Devan Moonsamy, a counsellor, executive coach, and psychological safety wellness consultant, is passionate about providing crucial information regarding workplace anxiety and strategies for overcoming it.
According to Moonsamy, anxiety can be caused by a multitude of things, including a high workload, a lack of control over your tasks, a difficult work environment, and a fear of performing below expectations.
Workload anxiety, if left mismanaged, can lead to burnout, physical health issues, and decreased job satisfaction.
He shares ways to deal with workload anxiety:
Identify the sources of stress:
Determine the specific aspects of your workload that are causing anxiety. Is it the volume of tasks, unrealistic expectations, interpersonal conflicts, or something else?
Set realistic expectations:
Make sure your workload and goals are achievable within the given time frame. Be honest with yourself and your superiors about what you can accomplish.
Manage your time:
Use effective time management techniques to prioritise tasks and allocate your time efficiently.
Break tasks into manageable steps:
Divide large or complex tasks into smaller, more manageable subtasks. This can make the workload feel less overwhelming.
Delegate and collaborate:
If possible, delegate tasks to colleagues or collaborate with them to share the workload.
Openly communicate with your supervisor or manager about your workload and any challenges you're facing. They may be able to provide support or redistribute tasks.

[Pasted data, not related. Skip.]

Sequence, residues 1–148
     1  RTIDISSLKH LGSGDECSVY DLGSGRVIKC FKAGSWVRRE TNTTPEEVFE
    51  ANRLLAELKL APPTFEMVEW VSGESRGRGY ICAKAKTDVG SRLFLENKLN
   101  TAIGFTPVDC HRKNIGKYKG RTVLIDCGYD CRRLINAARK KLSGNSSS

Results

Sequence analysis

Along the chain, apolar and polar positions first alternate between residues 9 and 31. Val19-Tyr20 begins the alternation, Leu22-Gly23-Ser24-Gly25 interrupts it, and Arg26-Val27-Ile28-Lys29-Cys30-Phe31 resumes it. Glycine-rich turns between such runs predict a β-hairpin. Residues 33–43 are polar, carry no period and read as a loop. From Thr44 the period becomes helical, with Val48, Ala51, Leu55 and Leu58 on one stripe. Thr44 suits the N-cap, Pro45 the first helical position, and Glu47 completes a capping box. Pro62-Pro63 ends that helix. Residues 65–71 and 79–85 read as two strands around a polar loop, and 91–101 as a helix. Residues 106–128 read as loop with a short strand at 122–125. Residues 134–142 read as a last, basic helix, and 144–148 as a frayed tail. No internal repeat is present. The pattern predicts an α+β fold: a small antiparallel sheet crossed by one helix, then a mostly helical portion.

Learn to say no:
Politely decline additional responsibilities when you are already stretched thin. It's essential to set boundaries.
Take regular breaks:
Schedule short breaks during your workday to relax and recharge. This can help prevent burnout.
Prioritise self-care activities, such as exercise, relaxation and maintaining a healthy lifestyle outside of work.
Practise mindfulness and stress-reduction techniques:
Explore meditation, deep breathing exercises, or progressive muscle relaxation to manage stress.
Talk to friends, family members, or a therapist about your feelings and anxieties related to your workload.
Get professional help:
If your workload anxiety is chronic and affecting your daily life, consider seeking the help of a mental health professional who can provide strategies for coping with and managing anxiety.
Evaluate your career and work environment:
Assess whether your current job or workplace is the right fit for you in the long term.